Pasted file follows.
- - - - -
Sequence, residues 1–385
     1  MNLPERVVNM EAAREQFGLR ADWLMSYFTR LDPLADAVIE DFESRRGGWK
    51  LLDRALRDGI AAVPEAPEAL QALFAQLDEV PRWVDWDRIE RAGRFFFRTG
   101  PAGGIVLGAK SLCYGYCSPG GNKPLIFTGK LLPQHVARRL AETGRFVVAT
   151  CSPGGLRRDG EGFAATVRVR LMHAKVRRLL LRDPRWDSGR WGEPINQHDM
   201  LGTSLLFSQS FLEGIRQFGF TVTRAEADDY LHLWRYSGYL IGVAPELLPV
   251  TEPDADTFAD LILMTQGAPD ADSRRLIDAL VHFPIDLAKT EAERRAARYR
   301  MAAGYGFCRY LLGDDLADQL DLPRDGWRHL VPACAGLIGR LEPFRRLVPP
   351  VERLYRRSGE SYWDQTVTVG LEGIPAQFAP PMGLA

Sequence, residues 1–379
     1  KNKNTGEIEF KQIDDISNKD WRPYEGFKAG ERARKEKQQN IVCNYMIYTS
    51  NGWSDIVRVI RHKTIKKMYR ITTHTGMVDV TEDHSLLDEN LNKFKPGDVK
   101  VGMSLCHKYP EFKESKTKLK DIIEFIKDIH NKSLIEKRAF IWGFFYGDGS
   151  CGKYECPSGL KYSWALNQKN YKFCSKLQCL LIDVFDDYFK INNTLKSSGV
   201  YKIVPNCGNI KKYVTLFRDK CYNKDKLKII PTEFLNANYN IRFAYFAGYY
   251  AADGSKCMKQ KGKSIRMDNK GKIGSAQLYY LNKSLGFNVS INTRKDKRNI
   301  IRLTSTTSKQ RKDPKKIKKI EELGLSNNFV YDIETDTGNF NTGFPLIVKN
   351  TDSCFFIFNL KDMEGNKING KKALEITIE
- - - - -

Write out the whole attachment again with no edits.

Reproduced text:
Sequence, residues 1–385
     1  MNLPERVVNM EAAREQFGLR ADWLMSYFTR LDPLADAVIE DFESRRGGWK
    51  LLDRALRDGI AAVPEAPEAL QALFAQLDEV PRWVDWDRIE RAGRFFFRTG
   101  PAGGIVLGAK SLCYGYCSPG GNKPLIFTGK LLPQHVARRL AETGRFVVAT
   151  CSPGGLRRDG EGFAATVRVR LMHAKVRRLL LRDPRWDSGR WGEPINQHDM
   201  LGTSLLFSQS FLEGIRQFGF TVTRAEADDY LHLWRYSGYL IGVAPELLPV
   251  TEPDADTFAD LILMTQGAPD ADSRRLIDAL VHFPIDLAKT EAERRAARYR
   301  MAAGYGFCRY LLGDDLADQL DLPRDGWRHL VPACAGLIGR LEPFRRLVPP
   351  VERLYRRSGE SYWDQTVTVG LEGIPAQFAP PMGLA

Sequence, residues 1–379
     1  KNKNTGEIEF KQIDDISNKD WRPYEGFKAG ERARKEKQQN IVCNYMIYTS
    51  NGWSDIVRVI RHKTIKKMYR ITTHTGMVDV TEDHSLLDEN LNKFKPGDVK
   101  VGMSLCHKYP EFKESKTKLK DIIEFIKDIH NKSLIEKRAF IWGFFYGDGS
   151  CGKYECPSGL KYSWALNQKN YKFCSKLQCL LIDVFDDYFK INNTLKSSGV
   201  YKIVPNCGNI KKYVTLFRDK CYNKDKLKII PTEFLNANYN IRFAYFAGYY
   251  AADGSKCMKQ KGKSIRMDNK GKIGSAQLYY LNKSLGFNVS INTRKDKRNI
   301  IRLTSTTSKQ RKDPKKIKKI EELGLSNNFV YDIETDTGNF NTGFPLIVKN
   351  TDSCFFIFNL KDMEGNKING KKALEITIE